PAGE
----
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Jungle Jest by Talbot Mundy
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Jungle Jest

by Talbot Mundy

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Mundy was a British writer, active in the early decades of the 20th century, most known for his adventure stories that take place in the far flung corners of the British Empire, especially India and nearby countries. Jungle Jest is comprised of three long stories, strongly interconnected, which I suspect were originally published separately in a literary/adventure periodical of some sort.

Published in 1932, these stories predict the end of the Raj, a development Mundy doesn't necessarily find a negative prospect. His attitude seems to be here that this will be a natural evolution that should be handled as peacefully as possible.

At any rate, these three stories all center around one Cotswald Omminy, a very resourceful fellow, indeed, who is employed by the British Forest Service and whose loyalties are in fact to the trees and animals within his jurisdiction much more to any nationalist or government entity, including his own. By making Omminy a forester rather than a soldier, Mundy cleverly provides his character a freedom of movement and allows him a purity of motive both endearing to the modern reader and useful to the storylines.

At heart, though, these are adventure stories, to be sure. The first two center around a Moslem uprising against British rule and the third around a factional power struggle within an Indian principality. And while each story is sown with a small number of noble figures, we are mostly treated to a series of devious, ruthless, calculating characters--Moslem, Hindu and British more or less equally. Of course, our dear Cotwald is the cleverest of the lot, by far, always sniffing out subterfuge and betrayal before it bears fruit and adept at using his adversaries greed and power-mongering against them. So we know ahead of time that he will prevail, but watching him do it is extremely entertaining.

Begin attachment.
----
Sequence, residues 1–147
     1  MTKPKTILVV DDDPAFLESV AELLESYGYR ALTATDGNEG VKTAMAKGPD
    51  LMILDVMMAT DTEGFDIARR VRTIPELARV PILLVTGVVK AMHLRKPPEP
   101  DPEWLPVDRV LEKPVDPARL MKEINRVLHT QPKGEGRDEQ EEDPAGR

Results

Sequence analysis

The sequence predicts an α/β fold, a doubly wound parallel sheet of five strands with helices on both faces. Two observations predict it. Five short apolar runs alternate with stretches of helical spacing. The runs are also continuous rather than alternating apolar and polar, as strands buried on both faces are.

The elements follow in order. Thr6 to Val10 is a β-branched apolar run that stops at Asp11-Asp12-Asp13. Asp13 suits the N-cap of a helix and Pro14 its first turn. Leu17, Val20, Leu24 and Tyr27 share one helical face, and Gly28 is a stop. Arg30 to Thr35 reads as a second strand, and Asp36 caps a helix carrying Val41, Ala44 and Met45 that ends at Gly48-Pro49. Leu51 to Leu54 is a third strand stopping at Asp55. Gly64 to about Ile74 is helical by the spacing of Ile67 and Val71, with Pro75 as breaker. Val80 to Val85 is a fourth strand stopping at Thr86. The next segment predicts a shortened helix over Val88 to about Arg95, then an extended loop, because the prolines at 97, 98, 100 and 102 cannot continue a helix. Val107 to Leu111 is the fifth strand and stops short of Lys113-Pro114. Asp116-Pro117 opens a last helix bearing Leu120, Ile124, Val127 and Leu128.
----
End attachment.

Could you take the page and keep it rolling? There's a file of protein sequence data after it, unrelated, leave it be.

The stories are lots of fun and very well written. I seem to have the only copy of this book on LT, and even within online Mundy bios this clearly an obscure volume, even within the context of Mundy bibliographies. ( )
1 vote rocketjk | Feb 1, 2012 |
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